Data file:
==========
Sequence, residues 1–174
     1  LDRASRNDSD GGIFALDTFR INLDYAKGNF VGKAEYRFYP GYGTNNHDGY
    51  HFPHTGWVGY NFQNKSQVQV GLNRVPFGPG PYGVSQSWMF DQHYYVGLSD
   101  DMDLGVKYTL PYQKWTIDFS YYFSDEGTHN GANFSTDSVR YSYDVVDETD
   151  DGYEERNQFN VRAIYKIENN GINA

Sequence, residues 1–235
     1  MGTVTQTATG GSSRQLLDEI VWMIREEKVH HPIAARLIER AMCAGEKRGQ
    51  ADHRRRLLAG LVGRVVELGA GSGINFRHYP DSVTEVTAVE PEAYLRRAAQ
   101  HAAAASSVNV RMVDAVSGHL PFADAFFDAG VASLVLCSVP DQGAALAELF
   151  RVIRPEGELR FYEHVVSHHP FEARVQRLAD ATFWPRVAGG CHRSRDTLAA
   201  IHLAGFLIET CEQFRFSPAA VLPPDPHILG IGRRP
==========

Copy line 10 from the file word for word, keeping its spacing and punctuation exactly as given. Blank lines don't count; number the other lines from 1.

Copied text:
   151  RVIRPEGELR FYEHVVSHHP FEARVQRLAD ATFWPRVAGG CHRSRDTLAA